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Red Sea attacks : US again hits Houthi targets as global shipping reels

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WASHINGTON : The US Military on Thursday conducted a fifth strike against Iranian-backed Houthi rebel military sites in Yemen and against Houthi anti-ship missiles stationed for launch into the Red Sea. These strikes, aimed at missiles deemed “an imminent threat” to maritime traffic and US naval presence, underscore a mounting concern over regional security and global trade flow disruptions.

This latest operation marks a significant uptick in maritime hostility, with the Iran-aligned Houthi militia’s persistent attacks on commercial and naval vessels exacerbating the ongoing conflict. Notably, the Genco Picardy, a US-operated vessel, was the latest to bear the brunt of these hostilities in the Gulf of Aden.

US stance
For months, the Houthis have claimed attacks on ships in the Red Sea that they say are either linked to Israel or heading to Israeli ports. They say their attacks aim to end the Israeli air-and-ground offensive in the Gaza Strip that was triggered by the Palestinian militant group Hamas’ October 7 attack in southern Israel. But the links to the ships targeted in the rebel assaults have grown more tenuous as the attacks continue.

Amid these turbulent times, the Pentagon remains firm in its stance, emphasizing the defensive nature of US operations. Pentagon spokesperson Sabrina Singh clarified, “We are not at war with the Houthis.” Instead, she portrayed the actions as necessary measures of self-defense in response to the Houthis’ aggressive missile campaigns against “innocent mariners.”

The strategy pursued by US President Joe Biden– a blend of limited military strikes and sanctions – appears aimed at preventing a wider Middle East conflict even as Washington seeks to punish the Houthis, security and military experts say.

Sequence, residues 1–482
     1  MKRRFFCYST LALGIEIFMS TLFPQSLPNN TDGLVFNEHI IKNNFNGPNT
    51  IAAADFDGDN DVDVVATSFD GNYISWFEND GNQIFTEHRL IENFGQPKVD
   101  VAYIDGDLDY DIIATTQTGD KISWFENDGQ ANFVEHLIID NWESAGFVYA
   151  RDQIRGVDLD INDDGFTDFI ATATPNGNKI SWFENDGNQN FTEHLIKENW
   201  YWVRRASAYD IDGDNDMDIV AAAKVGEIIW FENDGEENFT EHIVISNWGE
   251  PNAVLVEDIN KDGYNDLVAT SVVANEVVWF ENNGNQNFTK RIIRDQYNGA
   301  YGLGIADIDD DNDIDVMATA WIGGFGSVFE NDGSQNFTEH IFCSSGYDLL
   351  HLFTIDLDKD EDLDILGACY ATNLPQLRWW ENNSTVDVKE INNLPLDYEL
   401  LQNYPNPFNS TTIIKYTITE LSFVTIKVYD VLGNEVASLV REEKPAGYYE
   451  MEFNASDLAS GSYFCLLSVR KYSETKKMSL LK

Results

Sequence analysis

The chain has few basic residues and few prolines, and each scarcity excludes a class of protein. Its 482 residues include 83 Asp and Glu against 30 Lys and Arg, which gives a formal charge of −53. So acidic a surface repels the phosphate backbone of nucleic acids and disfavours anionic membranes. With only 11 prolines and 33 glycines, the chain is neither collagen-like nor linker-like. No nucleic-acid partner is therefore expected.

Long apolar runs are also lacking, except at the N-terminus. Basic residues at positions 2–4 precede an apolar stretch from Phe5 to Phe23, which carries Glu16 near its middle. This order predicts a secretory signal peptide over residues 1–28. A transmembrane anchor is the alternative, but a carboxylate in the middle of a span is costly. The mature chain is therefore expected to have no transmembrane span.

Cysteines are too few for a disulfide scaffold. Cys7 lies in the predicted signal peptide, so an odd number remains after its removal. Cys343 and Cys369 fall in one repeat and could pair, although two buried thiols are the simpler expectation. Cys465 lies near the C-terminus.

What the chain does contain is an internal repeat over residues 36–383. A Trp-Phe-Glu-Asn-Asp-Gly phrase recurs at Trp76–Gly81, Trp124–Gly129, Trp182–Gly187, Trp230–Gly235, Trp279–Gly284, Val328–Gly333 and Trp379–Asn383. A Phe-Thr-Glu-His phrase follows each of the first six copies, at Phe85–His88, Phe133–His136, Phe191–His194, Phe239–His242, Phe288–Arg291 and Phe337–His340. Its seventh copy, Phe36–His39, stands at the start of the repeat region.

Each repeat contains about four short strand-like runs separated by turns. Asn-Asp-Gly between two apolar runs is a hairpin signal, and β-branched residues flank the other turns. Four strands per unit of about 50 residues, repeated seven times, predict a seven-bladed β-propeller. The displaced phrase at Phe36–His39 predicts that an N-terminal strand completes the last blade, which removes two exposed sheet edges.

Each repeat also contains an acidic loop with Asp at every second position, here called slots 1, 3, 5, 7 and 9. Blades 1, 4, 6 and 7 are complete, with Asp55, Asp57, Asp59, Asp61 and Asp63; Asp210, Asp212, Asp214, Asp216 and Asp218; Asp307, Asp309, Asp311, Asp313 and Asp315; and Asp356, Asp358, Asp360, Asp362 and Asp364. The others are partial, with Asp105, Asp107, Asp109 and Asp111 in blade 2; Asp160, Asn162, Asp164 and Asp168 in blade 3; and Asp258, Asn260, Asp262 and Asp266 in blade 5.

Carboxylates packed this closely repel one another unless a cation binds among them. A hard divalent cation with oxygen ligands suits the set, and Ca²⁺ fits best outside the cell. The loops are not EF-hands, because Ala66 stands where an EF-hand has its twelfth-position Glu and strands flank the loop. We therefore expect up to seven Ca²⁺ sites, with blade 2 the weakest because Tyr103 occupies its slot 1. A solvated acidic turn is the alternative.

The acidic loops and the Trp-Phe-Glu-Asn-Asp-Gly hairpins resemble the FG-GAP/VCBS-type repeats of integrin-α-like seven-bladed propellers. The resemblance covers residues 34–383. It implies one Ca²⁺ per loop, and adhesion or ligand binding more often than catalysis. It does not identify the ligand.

Biden on Thursday acknowledged that the strikes had not halted attacks by the militants but said the US military response would continue. “Are they stopping the Houthis? No. Are they gonna continue? Yes,” Biden told reporters aboard Air Force One.

Maritime menace
The Houthi militia’s unabated aggression, including a claim of targeting the American ship Chem Ranger, poses a severe threat not only to regional stability but also to critical global trade routes. The attacks on the Red Sea passage, a crucial artery accounting for approximately 15% of the world’s shipping traffic, have prompted major shipping lines to reroute, significantly impacting global supply chains and economies, particularly Egypt’s revenue from the Suez Canal.

The alternative shipping route around South Africa’s Cape of Good Hope can add 10-14 days to a journey compared to passage via the Red Sea and Suez Canal.

International repercussions
The crisis has cast a long shadow, affecting not just the immediate region but also global trade dynamics. Shipping companies, forced to alter their routes, face increased operational costs and logistical complexities. Ports across Europe are bracing for potential congestion, while alternative routes are being considered to mitigate the disruption caused by the ongoing conflict.

Continued Vigilance
As the situation unfolds, the US and its allies maintain a watchful eye, ready to respond to any imminent threats. The strikes, coupled with diplomatic efforts, reflect a multifaceted approach to addressing the complex challenges posed by the Houthi militia’s actions in the region.

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